In June 2015, the Virginia-based company Parabon released a "Snapshot" composite sketch of the suspect based on information from his DNA. Police released an updated version of this sketch in early May 2016.
John D. Miller
|Born||July 7, 1959|
|Occupation||Former Walmart employee|
|Conviction(s)||Murder, child molestation|
|Criminal penalty||80 years in prison|
In May 2018, a Fort Wayne Police Department detective sent a sample of the suspect's DNA to the forensics company Parabon Nanolabs, which used the genealogy website GEDmatch to identify the suspect's relatives. On July 2, 2018, the genealogist CeCe Moore narrowed down the list of suspects to two brothers, including 59-year-old John D. Miller of Grabill, Indiana, whose neighbors described him as secluded and often angry. The police found used condoms in Miller's trash, and collected DNA that matched the suspect's DNA.
Detectives approached Miller at his house on July 15, 2018, and asked him to come to talk with them at the police station. After advising him of his rights, investigators asked him if he knew why they wanted to talk to him. According to police, he replied, "April Tinsley." During an interview at the police station, he confessed to the murder, saying he abducted Tinsley, raped her, choked her to death in his trailer, sodomized her body, and dumped it.
Officials charged him with murder, child molestation, and confinement, and he pleaded not guilty in a court hearing on July 19, 2018. On December 7, 2018, Miller changed his plea to guilty, saying he raped Tinsley and strangled her with his bare hands. He was sentenced to 80 years in prison: 50 years for murder and 30 years for child molestation. After sentencing, he was housed at the Indiana Department of Correction Reception Diagnostic Center in Plainfield. On January 16, 2019, he was moved to the New Castle Correctional Facility. Miller's earliest possible release date is scheduled for July 15, 2058, when he would be 99 years old.
In April 2015 in the Hoagland–Masterson neighborhood of Fort Wayne, construction started on a memorial dedicated to April's memory called "April's Garden". On July 28, 2018, a memorial walk starting at this garden was held in honor of April.
April Tinsley's mother held a balloon launch at April's Garden on April 4, 2018. This service was in remembrance of her daughter and other child victims of violence. The following day, at Fairfield Elementary School, a pink magnolia tree and a bench were formally dedicated to April's memory. This dedication was followed by a candlelight vigil.
In May 2019, nine investigators who had worked to secure the arrest and conviction of April's murderer became recipients of the National Association of Police Organizations (NAPO) national policing award. This award was in recognition of their tireless, collaborative efforts conducted over the span of 30 years to see April's murderer brought to justice. These investigators were from the Indiana State Police, the FBI, the Allen County Sheriff's Department, and the Fort Wayne Police Department. NAPO heralded them as being among the most eminent and dedicated officers in America.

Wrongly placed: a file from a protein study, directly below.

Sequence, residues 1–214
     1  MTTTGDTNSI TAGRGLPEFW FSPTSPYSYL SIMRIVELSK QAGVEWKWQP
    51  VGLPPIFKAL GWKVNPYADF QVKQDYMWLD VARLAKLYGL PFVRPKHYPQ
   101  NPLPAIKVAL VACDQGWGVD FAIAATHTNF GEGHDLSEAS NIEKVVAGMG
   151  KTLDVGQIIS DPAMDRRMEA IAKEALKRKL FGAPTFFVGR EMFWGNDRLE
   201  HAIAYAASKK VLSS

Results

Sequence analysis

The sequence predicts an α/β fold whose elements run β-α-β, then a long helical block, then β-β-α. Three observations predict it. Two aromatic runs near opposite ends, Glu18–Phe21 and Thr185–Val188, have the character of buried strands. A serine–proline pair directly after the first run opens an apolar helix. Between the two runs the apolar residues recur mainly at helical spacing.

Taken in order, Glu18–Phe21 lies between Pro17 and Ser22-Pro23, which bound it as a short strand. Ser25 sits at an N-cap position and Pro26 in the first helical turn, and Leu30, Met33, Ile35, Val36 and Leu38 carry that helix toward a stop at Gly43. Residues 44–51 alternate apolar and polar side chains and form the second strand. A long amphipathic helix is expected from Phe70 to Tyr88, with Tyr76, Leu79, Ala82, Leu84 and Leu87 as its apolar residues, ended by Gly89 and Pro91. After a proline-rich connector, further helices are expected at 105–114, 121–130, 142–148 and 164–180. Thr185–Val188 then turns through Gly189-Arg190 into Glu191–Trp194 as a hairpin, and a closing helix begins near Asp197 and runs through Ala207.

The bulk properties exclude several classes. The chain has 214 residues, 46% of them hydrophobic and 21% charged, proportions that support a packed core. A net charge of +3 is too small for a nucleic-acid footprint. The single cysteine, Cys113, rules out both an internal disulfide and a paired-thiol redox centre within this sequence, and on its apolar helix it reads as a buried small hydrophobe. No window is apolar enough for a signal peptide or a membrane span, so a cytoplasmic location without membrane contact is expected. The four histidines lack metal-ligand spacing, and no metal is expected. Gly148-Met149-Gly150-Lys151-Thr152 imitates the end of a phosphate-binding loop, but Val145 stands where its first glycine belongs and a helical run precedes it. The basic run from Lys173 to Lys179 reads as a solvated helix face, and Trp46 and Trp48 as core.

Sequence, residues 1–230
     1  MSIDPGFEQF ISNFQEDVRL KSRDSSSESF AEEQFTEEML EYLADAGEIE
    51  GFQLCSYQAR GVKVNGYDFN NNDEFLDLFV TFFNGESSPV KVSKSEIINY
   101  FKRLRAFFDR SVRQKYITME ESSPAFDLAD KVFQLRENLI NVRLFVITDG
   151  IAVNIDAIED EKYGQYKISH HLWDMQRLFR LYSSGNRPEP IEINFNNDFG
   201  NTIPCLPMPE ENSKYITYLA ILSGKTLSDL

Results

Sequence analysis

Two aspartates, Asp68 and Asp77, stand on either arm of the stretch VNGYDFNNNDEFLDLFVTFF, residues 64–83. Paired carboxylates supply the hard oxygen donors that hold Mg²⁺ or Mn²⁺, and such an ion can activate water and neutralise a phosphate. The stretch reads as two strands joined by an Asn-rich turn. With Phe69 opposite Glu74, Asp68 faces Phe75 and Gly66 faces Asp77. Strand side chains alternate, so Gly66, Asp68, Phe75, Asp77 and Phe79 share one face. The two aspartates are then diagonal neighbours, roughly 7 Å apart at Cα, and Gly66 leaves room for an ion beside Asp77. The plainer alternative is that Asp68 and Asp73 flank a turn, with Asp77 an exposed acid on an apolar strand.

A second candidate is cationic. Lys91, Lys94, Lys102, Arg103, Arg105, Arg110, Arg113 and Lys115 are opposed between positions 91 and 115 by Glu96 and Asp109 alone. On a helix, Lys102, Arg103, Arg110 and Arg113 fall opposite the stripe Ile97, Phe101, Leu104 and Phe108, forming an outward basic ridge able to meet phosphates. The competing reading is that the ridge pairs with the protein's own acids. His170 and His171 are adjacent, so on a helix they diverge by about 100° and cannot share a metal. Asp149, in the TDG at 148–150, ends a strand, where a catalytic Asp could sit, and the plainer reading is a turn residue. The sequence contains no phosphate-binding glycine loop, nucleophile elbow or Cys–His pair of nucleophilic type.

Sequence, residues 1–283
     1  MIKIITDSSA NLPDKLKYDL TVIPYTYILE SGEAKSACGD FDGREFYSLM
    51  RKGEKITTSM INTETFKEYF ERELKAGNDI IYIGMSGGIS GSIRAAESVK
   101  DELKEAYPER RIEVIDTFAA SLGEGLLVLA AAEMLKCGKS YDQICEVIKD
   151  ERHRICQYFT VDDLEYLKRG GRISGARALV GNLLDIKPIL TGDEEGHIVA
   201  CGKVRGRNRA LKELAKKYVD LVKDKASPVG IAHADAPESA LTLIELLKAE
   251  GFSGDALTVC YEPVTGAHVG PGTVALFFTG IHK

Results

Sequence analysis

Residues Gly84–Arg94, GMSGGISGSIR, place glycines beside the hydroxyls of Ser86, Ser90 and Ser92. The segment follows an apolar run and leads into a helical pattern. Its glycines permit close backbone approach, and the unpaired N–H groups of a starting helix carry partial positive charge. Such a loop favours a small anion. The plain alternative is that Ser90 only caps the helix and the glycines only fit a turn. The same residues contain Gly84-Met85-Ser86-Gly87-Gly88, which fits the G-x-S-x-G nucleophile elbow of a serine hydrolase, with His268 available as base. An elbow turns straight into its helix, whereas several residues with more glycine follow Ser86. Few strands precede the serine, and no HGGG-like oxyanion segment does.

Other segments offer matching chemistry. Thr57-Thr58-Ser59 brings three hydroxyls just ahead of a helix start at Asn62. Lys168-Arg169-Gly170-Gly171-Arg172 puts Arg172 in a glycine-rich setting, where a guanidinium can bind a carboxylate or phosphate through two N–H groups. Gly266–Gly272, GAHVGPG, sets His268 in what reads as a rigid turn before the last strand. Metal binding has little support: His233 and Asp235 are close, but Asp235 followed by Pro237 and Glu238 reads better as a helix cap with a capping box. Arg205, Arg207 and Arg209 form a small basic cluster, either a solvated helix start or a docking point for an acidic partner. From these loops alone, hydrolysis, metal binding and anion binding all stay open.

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- Sentencing moved up for man who pleaded guilty in death of April Tinsley | FOX59
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- Swenson, Kyle (July 16, 2018). "After 30 years, police say they've captured a child-killer who left a sickening trail of taunts". The Washington Post. Retrieved August 7, 2018.
- Thompson, Emily G. (2017). "April Tinsley (1988)". Unsolved Child Murders: Eighteen American Cases, 1956–1998. Exposit Books. pp. 124–130. ISBN 978-1-4766-7000-3.
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- "Fort Wayne crimes spur creation of task force". The Times of Northwest Indiana. Associated Press. April 15, 1991. Retrieved August 7, 2018.
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- Isom, Andrea (May 2, 2016). "New forensic DNA analysis produces image of cold-case killer at large". Crime Watch Daily. Retrieved August 7, 2018.
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- Kurtz, Dave (April 15, 2009). "'Most Wanted' pulls in tips on Tinsley murder". KPC Media Group. Retrieved August 7, 2018.
- Haag, Matthew (July 16, 2018). "Decades After Killing of April Tinsley, 8, DNA Leads to Suspect". The New York Times. Retrieved August 7, 2018.
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- Burbrink, Jacob (July 18, 2018). "Suspect arrested, charged with murder of April Tinsley". WPTA. Retrieved September 25, 2019.
- "How a genealogist helped police crack an infamous 30-year-old cold case". CBS News. July 17, 2018. Retrieved August 25, 2018.
- Kobin, Billy (July 17, 2018). "Here's what we know about the April Tinsley cold-case murder". The Indianapolis Star. Retrieved August 7, 2018.
- Kay, Kaitor (July 18, 2018). "Who Is John Miller?". WANE-TV. Retrieved August 7, 2018.
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- Alesia, Mark; Ryckaert, Vic (December 21, 2018). "Man who killed 8-year-old in 1988 sentenced to 80 years in prison by Fort Wayne court". Indianapolis Star. Retrieved December 23, 2018.
- LeBlanc, Matthew (January 18, 2019). "April's killer moved to New Castle prison". The Journal Gazette. Retrieved January 22, 2019.
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- "People gather for candlelight vigil at site of April Tinsley memorial". WTHR. July 29, 2018. Retrieved August 7, 2018.
- Esquivel Long, Lisa M. (July 24, 2018). "Memorial tree, bench planned for April Tinsley at Fairfield Elementary School". The News-Sentinel. Retrieved August 7, 2018.
- Hays, Holly V. (May 13, 2019). "Indiana Officers Recognized with National Policing Award for Solving April Tinsley Case". Indianapolis Star. Retrieved June 26, 2019.
Cited works and further reading
- Ammeson, Jane S. (2007). Murders That Made Headlines: Crimes of Indiana. Bloomington: Indiana University Press. ISBN 978-0-253-03126-6.
- Jeffers, H. Paul (1991). Profiles In Evil: Chilling Case Histories From the Files of the FBI's Violent Crime Unit. London: Warner Books. ISBN 978-0-7088-5449-5.
- Newton, Michael (2009). The Encyclopedia of Unsolved Crimes. New York: Facts on File. p. 123. ISBN 978-0-8160-7818-9.
- Thompson, Emily G. (2018). Unsolved Child Murders: Eighteen American Cases, 1956–1998. North Carolina: McFarland & Company Inc. ISBN 978-1-4766-7000-3.
- "The Deadly Playdate". The Genetic Detective (Season 1, Episode 4). ABC Television.
- "I Will Kill Again". Predator at Large (Season 1, Episode 6). TV Maze.
- On the Case with Paula Zahn, an Investigation Discovery documentary series.